D. Harry Pandian recounts his nearly five-decade-old journey as organist and choirmaster
It is a calm evening at the All Saints Church in Puthur, Tiruchi. A couple of worshippers slip in for a reflective moment. The run-up to Christmas and New Year has seen relentless practice sessions for the three choirs of this historic church.
In a corner, near the organ, stands D. Harry Pandian, who has been the choirmaster here since 1964. As he recounts his own tryst with choral music, Pandian, 80, looks every inch the quiet genius.
“I joined the All Saints Church choir in 1946, when I was studying in Third Form at the Bishop Heber High School,” he says. “For the past 49 years, I have worked here as the organist and choirmaster.”
Pandian credits his father, Daniel, with sowing the seeds of sacred music in him. “While working as the chief draughtsman at South Indian Railways, my father used to play the big pipe organ at St. Peter’s Church in Nagapattinam. He wanted me to learn music, but I was very playful throughout my school days. I started learning in earnest only before I went to college,” he says.
He is also thankful for the support of two other people, his music teacher Mrs. June Noble who also used to accompany the church choir, and Mr. George Harrison, an airport employee and conductor who inspired him to start a male choir just like his so that the two groups could exchange music.
Harry Pandian served in the Railways from 1955 to 1991 as chief clerk at the Golden Rock Railway Workshop, Tiruchi. Retirement has given him plenty of time to devote his life to developing the three choirs (for men, women and small boys) in All Saints Church, as well as have his own group called The Minstrels (formed in 1978), which is open to male singers of all Christian denominations.
“For regular worship, we use the small boys and men’s groups,” says Pandian. “For special occasions we use the ladies’ choir.”
There are two organs in the church – a pipe organ that is around 70 years old, and a 2008 double manual (dual keyboard) organ, both of which Pandian is adept at playing. “Both the instruments are in good condition, but I rarely use the antique organ because repairers are quite hard to find. They have to come all the way from Chennai, and only after you keep calling them up,” he says.
The octogenarian’s daily routine is a blend of music and leisure. Using the two electronic keyboards and a Richard Lipp piano at home, he takes music lessons for students from 6.30 a.m. to 8.30 a.m. This is followed by some time off to visit friends, and then after a lunch break and siesta, it’s more music lessons from 4.30 p.m. to 6.30 p.m. “Many music teachers like to offer classes throughout the day, but I prefer this short schedule,” says Pandian. “Otherwise you will get no time for yourself.”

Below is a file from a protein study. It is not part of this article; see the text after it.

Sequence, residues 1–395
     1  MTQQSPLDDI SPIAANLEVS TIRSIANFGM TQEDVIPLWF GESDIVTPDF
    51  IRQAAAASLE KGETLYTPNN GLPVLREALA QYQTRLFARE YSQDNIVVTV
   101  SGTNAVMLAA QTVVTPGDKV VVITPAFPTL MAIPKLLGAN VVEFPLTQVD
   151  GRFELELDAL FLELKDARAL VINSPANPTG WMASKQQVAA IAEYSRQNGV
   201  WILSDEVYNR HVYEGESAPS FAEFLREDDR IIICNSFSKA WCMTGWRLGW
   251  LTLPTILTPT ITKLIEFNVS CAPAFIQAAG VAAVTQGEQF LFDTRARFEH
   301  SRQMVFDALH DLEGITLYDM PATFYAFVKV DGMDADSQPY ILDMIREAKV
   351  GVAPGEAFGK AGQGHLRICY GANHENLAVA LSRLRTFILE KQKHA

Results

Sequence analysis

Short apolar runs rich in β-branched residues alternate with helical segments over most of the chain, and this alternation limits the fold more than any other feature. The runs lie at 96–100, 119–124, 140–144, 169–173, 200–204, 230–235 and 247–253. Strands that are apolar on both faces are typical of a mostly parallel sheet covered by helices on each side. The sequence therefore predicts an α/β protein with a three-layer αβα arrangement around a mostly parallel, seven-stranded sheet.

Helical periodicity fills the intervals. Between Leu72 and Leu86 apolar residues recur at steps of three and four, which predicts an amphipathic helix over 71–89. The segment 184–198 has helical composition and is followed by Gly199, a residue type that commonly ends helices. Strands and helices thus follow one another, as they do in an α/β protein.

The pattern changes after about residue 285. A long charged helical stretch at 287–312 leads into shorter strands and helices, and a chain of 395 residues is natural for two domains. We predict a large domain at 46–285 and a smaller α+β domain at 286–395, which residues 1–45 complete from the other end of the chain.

His wife Meera, former principal of Periyar Teachers’ Training Institute, and now a superintendent of the All Saints Sunday School, helps to keep the household humming along. The couple has two daughters.
From 6.30 p.m., Pandian gets busy in All Saints Church with choir practice sessions. “My life is full of music,” he chuckles.
Cradle of talent
The Minstrels group of around 20-25 members, which gathers for practice every Thursday, keeps him occupied with performances of classical Western-style music all over the state. “I prefer the old style of music. Handel, Bach, Beethoven and Mozart are the main composers we use,” he says. Among their most frequently-sung requests are Jesu God of Man’s Desiring (Bach), Gloria (Mozart) and Hallelujah (Handel).
The Minstrels has been a cradle of talent as well: well-known film composer and TV anchor James Vasanthan used to sing bass in the choir. Sustaining interest is a constant challenge, says Pandian. “Most people will come for one practice session; then we cannot expect them for the next. But there are others who are very dedicated, and attend all sessions regularly.”
The younger generation has a preference for “guitar and lighter types of music,” rues Pandian, who also trains students for the Trinity College London exams, “but we have more schools teaching music than before.”
Among the most memorable moments in his career, he recalls the impromptu request of the Minstrels being asked to sing at the St. Andrews Church in Chennai (known as The Kirk), and of Pandian giving the timing to Handel Manning, noted organist and founder director of the Madras Philharmonic and Choral Society in 1981. “So many people asked, ‘how did they allow you, a mofussil group, to sing in this church, and how did Handel Manuel play the organ for you?’ But it only proves to us that we had God’s blessing.”
Harry Pandian is the first to give thanks for the many blessings in his life. “At this age, so many people find it difficult to go out, to walk and so on. But I just take my two-wheeler and I go around. If there was no music, my life would be unpalatable. I have no plans for the new year. Just more time devoted to the service of God.”